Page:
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According to hedge fund manager Mark Yusko, banks take $7 trillion dollars out of the system every year. The advent of triple entry accounting with blockchain means that banks are becoming redundant.
Banks fight dirty
Founder of Morgan Creek Capital, Yusko recently gave an interview in which he gave a portrayal of the banks that isn’t often heard. He stated that banks have paid more in fines for criminal acts such as fraud and money laundering than the entire market cap of Bitcoin.
He affirmed that banks are extremely worried about crypto and blockchain technology because it heralds an end to their existence, given that the middle man is now no longer needed. He said:
“We (the banks) skim $7 trillion a year out of this system. It’s 6 to 8% of GDP that goes to the banks for trust - but we can replace trust with truth.”
Yusko is of the belief that the FTX collapse was actually orchestrated in order to bring controversy to the crypto industry and allow US regulators to react by launching an aggressive onslaught against the crypto sector.
He believes that the banking industry, in charge of money for hundreds of years, is in league with regulators to cripple the crypto industry so that it can continue its hegemony over printing money.
Yusko expects the banks’ fight against the crypto industry will carry on for the next few years before the obvious advantages of crypto and blockchain are finally recognised and given government support.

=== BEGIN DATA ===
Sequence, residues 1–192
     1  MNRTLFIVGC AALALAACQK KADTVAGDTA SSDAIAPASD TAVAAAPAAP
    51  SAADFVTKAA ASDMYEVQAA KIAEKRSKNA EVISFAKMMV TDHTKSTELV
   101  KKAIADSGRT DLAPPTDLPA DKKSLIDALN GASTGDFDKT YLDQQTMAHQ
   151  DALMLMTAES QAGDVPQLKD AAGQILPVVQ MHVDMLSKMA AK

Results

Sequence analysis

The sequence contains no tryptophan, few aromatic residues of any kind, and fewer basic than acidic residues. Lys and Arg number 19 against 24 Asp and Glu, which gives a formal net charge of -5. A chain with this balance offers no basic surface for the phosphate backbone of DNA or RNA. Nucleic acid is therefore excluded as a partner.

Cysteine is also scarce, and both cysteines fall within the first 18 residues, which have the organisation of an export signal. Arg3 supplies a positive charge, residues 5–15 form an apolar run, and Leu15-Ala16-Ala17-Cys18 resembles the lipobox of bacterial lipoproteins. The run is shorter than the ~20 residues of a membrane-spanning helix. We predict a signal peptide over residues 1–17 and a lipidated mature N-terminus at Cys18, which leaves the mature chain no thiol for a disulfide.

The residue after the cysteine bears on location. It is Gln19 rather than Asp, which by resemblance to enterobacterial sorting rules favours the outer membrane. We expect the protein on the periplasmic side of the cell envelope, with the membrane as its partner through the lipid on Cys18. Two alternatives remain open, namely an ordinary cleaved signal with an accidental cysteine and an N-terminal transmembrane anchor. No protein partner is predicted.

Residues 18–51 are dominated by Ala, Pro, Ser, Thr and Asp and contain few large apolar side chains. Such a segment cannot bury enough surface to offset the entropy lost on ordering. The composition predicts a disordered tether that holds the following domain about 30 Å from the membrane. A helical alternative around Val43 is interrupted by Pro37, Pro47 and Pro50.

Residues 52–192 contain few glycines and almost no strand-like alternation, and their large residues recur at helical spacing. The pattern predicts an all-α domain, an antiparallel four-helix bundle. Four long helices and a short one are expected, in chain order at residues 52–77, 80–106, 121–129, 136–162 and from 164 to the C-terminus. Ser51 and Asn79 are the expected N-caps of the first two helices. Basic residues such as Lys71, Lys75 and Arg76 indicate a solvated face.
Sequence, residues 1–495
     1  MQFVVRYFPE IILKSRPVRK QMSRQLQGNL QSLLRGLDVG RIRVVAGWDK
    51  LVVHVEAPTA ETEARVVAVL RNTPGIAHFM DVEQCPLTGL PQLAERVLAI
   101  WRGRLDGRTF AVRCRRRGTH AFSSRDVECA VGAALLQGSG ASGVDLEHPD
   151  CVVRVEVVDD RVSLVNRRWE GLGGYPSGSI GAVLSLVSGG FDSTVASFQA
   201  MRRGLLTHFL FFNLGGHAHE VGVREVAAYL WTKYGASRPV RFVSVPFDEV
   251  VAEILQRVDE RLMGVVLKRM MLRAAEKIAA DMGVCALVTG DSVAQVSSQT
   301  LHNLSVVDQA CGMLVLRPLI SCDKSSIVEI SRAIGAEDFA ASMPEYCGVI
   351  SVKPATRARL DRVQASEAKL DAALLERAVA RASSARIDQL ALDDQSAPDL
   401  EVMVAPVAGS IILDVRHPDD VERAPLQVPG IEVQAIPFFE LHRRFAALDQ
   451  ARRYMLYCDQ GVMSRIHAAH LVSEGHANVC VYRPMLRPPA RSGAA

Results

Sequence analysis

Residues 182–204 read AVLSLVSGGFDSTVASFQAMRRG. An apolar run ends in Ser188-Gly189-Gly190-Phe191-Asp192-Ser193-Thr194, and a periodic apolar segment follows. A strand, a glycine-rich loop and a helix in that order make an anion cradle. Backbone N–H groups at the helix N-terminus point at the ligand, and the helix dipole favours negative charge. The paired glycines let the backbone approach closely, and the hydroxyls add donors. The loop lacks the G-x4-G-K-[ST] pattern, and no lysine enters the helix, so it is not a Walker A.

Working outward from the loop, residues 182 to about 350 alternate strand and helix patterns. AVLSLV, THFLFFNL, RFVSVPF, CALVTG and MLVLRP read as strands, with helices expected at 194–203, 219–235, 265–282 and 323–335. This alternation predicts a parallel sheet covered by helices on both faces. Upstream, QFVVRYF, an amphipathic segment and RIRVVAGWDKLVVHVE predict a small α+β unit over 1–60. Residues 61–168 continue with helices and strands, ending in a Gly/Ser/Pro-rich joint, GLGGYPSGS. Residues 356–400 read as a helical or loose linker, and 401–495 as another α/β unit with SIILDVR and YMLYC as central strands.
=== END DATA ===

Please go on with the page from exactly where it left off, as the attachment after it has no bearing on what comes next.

How the incumbent fights the newcomer
An example of an antiquated and embedded system that seeks to suppress and cripple a new and better system is given by Yusko. He points to when cars were invented and how the incumbent transport system of the horse and buggy sought to do just this in the late 19th century.
Reportedly there was collusion between those seeking to protect the horse and buggy system, and the regulators. Ridiculous and onerous rules were imposed on cars that forced them to have someone walking ahead of them holding a red flag. In addition, three persons were required by law to have charge of a vehicle, and additional persons were needed if wagons or carriages were attached.
These harsh and exacting laws were in place for 30 years before being repealed, and technology was finally allowed to progress.
Imposition of CBDCs
According to Yusko, banking is attempting to do the same thing against crypto. He believes that moves are afoot to impose central bank digital currencies on citizens, forcing their use. Yusko said of CBDCs:
“If you haven’t watched Agustin Carstens (Head of the Bank for International Settlements) talk about what a CBDC actually is - and of course the central bank should control how, when, and if you are allowed to spend ‘your’ money - it’s one of the most chilling 1 minute and 47 seconds that you’ll ever watch.”
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